Extended testing within Starcraft 2 found no problems, except for an occasional moment where the mouse’s DPI would suddenly tank towards 400 for no reason whatsoever. This was an issue I’d had with previous laser mice and it seemed to be largely connected to my Razer Goliathus. Different surfaces like the QCK+ and the control version of the Razer Goliathus (which has a textured weave as opposed to the flat surface of the Speed), found that the problem was indeed my all-black pad, so that’s something to keep in mind.
But the fact that I had any issues with my Goliathus at all was interesting given that there’s a section in the Razer Synapse 2.0 drivers, a new cloud-based service that covers the majority of Razer mice (excluding basic models like the Salmosa). The Calibration lets you choose from a list of predetermined mouse pads or manually calibrate with any mouse pad to determine, well, whatever black magic is required to best work with your setup.
The feature brings Razer drivers more in line with the powerful customisation software provided by Steelseries, although it still has some catching up to do. While you can set your sensitivity to any range (in bands of 100) between 100 and 8200, there’s no onboard memory to actually save the settings. You need Synapse to lock it in for you – but unfortunately, if you don’t have an internet connection, Synapse won’t load.
Putting aside the picture of DRM on your mouse aside for a second, Razer Synapse is clearly software that will grow with time. It’s not bad right now – the macro editor is solid and rebinding all the buttons is a pleasure – but there are just far too many areas that need improvement. The DPI switcher, for example, doesn’t work unless Razer Synapse is loaded. When it does work, it brings up a little meter on your screen showing you the current setting – which you won’t see in-game, but you’ll know because it’ll freeze your game to a halt for about half a second.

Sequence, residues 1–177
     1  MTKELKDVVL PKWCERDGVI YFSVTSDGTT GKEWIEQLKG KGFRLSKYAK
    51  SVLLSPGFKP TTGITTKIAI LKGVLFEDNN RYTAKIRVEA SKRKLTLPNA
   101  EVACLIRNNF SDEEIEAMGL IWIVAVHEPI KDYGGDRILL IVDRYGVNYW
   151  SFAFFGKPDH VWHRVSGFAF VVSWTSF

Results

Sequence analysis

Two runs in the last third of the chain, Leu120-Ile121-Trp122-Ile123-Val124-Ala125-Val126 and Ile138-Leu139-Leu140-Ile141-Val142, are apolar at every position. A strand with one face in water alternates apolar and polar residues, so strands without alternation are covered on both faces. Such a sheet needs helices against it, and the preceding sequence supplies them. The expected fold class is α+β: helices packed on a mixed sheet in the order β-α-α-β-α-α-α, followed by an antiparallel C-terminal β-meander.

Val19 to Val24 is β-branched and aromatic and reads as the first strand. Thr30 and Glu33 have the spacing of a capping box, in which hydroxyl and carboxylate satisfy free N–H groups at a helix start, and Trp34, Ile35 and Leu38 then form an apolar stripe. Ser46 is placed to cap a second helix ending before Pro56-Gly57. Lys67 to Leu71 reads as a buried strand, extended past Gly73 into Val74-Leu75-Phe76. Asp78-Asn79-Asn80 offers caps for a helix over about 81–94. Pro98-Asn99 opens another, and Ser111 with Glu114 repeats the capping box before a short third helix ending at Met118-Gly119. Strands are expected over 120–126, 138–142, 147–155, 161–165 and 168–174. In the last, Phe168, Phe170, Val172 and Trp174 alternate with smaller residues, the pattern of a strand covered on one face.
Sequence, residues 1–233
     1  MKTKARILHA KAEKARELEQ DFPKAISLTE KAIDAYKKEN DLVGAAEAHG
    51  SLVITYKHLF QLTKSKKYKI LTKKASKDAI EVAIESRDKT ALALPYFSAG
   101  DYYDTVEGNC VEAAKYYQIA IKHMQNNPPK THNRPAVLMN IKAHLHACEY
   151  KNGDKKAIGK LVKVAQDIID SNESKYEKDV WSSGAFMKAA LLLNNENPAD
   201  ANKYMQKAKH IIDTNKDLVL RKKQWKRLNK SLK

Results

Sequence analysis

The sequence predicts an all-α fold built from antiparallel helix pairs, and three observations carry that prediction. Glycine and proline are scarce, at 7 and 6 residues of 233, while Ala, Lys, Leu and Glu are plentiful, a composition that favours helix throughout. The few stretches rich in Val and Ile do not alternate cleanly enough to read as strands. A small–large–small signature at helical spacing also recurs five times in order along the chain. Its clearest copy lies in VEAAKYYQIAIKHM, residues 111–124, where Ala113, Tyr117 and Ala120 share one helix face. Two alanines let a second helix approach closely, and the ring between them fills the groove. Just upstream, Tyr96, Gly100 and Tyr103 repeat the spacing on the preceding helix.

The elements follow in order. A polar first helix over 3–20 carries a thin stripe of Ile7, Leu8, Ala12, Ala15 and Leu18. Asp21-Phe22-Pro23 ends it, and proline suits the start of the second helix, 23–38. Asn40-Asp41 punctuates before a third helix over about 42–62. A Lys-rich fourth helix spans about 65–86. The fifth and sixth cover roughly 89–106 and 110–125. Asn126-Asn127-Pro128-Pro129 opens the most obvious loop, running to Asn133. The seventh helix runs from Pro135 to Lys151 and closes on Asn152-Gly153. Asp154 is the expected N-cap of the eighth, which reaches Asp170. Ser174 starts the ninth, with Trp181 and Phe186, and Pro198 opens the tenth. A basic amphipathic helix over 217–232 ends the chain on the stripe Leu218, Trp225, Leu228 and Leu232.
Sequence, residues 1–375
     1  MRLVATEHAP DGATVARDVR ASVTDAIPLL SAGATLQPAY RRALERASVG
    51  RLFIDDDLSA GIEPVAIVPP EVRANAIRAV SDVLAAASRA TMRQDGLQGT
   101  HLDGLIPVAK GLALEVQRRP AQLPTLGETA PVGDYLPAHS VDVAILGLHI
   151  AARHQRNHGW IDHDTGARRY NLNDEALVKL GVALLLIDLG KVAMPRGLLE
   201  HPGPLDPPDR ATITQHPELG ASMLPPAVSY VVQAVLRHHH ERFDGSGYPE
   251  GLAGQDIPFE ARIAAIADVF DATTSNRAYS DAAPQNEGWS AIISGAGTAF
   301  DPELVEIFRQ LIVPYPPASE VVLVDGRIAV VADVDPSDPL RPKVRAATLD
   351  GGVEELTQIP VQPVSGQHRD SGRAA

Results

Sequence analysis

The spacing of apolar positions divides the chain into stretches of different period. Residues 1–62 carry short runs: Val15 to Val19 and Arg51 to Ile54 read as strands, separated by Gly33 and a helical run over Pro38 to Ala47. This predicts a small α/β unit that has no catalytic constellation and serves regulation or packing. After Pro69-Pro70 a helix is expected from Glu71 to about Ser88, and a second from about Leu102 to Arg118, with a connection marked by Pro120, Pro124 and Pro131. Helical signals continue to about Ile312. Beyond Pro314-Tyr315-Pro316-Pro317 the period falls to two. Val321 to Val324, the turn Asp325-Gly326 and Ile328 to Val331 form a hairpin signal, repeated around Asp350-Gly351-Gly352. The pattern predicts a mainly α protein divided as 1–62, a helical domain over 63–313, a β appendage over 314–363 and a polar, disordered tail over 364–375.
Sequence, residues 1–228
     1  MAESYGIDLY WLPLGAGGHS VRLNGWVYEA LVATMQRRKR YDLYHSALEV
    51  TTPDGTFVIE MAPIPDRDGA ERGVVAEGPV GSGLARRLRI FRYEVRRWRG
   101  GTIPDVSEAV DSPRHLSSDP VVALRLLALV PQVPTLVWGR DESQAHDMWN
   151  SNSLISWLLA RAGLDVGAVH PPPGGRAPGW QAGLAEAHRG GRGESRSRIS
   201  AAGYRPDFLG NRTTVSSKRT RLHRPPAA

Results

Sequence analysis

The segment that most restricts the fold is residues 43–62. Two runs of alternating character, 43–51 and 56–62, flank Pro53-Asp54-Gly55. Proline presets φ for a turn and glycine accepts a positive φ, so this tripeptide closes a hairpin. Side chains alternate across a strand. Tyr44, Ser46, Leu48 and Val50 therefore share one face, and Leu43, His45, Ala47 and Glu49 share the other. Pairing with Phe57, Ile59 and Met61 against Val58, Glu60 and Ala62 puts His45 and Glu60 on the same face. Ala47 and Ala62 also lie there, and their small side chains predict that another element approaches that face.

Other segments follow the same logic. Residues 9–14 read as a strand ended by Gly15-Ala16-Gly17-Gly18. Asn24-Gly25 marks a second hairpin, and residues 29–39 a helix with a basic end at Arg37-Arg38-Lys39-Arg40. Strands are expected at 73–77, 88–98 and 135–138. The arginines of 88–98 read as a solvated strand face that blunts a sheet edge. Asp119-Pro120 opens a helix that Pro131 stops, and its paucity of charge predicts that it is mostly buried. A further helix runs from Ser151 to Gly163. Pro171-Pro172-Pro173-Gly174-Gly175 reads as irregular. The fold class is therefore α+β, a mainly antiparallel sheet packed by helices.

Thankfully, what the software lacks in punch is balanced out by just how comfortable the Taipan feels in the hand. The centre features with a rubberised coating that’s resistant to sweat, while a mesh-like texture envelops both sides. The ambidextrous design and the low profile of the Taipan makes it a dream for those who prefer the claw or fingertip grips, although it’s not unpleasant to hold in the hand either.
What users of all persuasions might find a little frustrating are the side buttons. They’re fairly small and they’re also angled downwards to fit in with the curvature. Sadly, this makes them more difficult to press unless your thumb (or ring/pinkie finger) approaches them from underneath. It doesn’t make going forward or back in a browser Mission: Impossible, but the design is nowhere near as user-friendly as a lot of other mice.
But provided that you have a nice, colorful (or hard) mousepad and you’re not doing anything silly like using 0.000001 sensitivity, the Taipan honestly is a joy to use. It’s one of the few mice that have made me want to play a game as soon as it was resting in my hand. It’s truly comfortable and it didn’t skip a beat after I changed mousepads.
The Synapse drivers will improve over time – see the mountain of updates for the Deathadder as proof – and the acceleration isn’t anything unusual for high-grade laser mice. What you’re left with beyond that is an extremely attractive, comfortable and powerful piece of hardware. See how it feels in your hand first – particularly the side buttons – but if you’re in the market for a light, low-profile mouse that doesn’t slack on features, the Taipan is hard to look past.
- Great sensor with no lift-off issues
- Solid customisation and macro editor
- Good ergonomics, ambidextrous design
- Light and low-profile
- Some infrequent acceleration
- Side buttons are difficult to hit
- DPI-switching can cause games to freeze for half a second
- Synapse software requires an internet connection
The Razer Taipan retails for around $99 AUD.